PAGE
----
Kingfield may not get Dollar General store


KINGFIELD — The proposed  Dollar General store scheduled for construction on Route 27 north of the village may not happen, selectmen were told Monday night.

Robert Gage, senior vice president of development services for GBT Realty Corp. in Brentwood, Tenn., told the board the estimated costs to build five stores in Maine had skyrocketed, and he needed to find ways to cut expenses.

GBT Realty Corp. builds and owns the stores and leases them to Dollar General.  

“Basically, I’m here to see if you guys would be receptive to some modifications to the exterior of the building,” he said.


At a May 2017 Planning Board hearing, many residents protested the project, fearing the chain store would negatively affect the historic village character and property values. Others asked whether the Planning Board had confirmed the impact on public services, including fire protection and policing.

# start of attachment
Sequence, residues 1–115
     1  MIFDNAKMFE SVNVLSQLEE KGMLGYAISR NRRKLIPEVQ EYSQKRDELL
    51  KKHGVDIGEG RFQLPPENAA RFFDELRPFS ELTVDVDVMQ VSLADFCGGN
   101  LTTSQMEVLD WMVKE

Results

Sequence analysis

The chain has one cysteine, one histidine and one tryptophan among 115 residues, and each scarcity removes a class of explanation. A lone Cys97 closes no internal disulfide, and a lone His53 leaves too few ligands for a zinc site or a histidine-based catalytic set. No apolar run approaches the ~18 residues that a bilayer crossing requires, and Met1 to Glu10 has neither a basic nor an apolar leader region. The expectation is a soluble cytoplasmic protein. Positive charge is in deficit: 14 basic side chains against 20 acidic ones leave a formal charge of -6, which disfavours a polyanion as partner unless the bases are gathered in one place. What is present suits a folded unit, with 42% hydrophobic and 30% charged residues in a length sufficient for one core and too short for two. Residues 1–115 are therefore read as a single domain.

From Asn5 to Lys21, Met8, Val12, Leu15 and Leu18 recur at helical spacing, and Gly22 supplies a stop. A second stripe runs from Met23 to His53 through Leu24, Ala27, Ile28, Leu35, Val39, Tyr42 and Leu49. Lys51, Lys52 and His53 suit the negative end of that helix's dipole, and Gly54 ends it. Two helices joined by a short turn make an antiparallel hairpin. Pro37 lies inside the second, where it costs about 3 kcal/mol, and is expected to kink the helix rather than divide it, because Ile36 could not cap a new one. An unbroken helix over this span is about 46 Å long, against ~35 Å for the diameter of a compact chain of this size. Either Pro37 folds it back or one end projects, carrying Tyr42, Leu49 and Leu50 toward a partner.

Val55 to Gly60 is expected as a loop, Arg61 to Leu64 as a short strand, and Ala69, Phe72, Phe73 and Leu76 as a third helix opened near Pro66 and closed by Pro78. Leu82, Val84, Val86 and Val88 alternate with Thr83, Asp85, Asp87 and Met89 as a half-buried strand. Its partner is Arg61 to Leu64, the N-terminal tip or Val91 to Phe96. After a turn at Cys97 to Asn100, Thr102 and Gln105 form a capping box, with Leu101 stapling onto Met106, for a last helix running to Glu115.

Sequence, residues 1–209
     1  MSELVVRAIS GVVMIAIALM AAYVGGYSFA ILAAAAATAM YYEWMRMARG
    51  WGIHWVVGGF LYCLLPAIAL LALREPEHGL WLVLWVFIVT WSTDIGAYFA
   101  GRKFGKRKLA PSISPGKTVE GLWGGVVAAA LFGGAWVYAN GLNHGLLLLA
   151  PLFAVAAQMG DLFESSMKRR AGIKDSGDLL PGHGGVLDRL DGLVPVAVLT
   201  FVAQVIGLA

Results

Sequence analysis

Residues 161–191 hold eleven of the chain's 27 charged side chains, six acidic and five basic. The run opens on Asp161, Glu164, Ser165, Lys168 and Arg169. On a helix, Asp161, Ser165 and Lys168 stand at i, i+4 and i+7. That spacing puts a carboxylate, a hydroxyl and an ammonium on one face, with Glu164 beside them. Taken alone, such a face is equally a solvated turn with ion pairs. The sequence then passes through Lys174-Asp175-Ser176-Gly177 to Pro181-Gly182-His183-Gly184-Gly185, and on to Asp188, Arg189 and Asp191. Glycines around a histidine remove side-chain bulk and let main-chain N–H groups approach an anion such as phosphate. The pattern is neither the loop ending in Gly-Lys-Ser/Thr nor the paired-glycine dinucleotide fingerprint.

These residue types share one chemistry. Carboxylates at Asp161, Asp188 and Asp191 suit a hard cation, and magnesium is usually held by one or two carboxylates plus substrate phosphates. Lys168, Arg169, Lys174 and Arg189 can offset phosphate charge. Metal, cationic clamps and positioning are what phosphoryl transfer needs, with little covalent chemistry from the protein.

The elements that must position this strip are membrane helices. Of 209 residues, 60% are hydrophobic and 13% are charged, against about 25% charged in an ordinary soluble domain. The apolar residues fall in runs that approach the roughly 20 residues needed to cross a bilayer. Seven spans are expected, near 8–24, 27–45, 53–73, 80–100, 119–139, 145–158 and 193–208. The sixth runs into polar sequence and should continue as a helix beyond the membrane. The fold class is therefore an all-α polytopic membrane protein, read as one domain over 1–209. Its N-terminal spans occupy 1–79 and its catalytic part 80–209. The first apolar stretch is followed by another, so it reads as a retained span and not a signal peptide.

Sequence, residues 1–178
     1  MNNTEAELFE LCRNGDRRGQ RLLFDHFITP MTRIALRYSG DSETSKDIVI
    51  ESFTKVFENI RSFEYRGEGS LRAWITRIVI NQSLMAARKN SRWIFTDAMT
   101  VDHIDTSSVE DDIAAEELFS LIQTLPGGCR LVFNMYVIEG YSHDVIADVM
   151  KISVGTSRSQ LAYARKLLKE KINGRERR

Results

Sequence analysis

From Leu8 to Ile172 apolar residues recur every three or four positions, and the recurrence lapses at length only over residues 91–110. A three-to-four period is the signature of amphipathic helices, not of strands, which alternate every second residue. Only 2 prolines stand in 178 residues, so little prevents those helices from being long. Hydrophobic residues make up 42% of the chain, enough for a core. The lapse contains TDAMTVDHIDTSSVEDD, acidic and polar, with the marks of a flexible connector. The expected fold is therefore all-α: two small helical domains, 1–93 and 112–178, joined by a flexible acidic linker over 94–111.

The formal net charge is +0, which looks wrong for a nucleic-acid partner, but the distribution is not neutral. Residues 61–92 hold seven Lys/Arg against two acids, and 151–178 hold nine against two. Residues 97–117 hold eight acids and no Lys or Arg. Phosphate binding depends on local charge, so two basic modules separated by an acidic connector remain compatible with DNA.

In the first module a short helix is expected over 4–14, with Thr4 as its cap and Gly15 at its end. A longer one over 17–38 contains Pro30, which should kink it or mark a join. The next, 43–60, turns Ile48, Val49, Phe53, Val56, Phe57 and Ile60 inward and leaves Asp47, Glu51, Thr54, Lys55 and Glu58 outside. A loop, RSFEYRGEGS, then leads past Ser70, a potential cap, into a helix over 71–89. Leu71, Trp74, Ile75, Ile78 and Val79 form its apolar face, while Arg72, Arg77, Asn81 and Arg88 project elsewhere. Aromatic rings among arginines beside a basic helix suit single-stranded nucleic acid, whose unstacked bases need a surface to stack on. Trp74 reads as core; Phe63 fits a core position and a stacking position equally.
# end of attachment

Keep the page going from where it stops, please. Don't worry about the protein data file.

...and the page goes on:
The contractor had agreed to modify Dollar General’s standard flat roof to a gable design more in keeping with the character and harmony of the town. Taking the gable roof out of the plan would bring costs down, according to Gage.

“Isn’t this a trip back to the Planning Board?” asked Selectman John Dill.

Selectmen agreed they were unwilling to approve the change of the exterior without another review for residents.

If Gage decided against building the store, Selectman Walter Kilbreth offered his suggestion for the property.

“I’ll give you $100,000 for that land,” he said.

Gage said he would review the company’s options for cost-cutting elsewhere, with the option to scrap the Kingfield project, if necessary. 

In other matters, selectmen appointed Susan Davis to the Planning Board and Madeline Holtham to the Budget Committee. They also accepted Neal McCurdy’s resignation from the Village Enhancement Committee. McCurdy was appointed in December 2017, along with Lisa Standish and Kate Spardello. 

Selectmen discussed the status of the committee, noting that the original purpose and stated goals may have veered somewhat from the original plans. Several members on the original group have resigned over the past several years, and newer members may not understand the original mission of the Village Enhancement Committee when voters approved its formation in 2012.

“There are good members on there, but it doesn’t look like it’s working like it should,” Selectman Ray Meldrum said.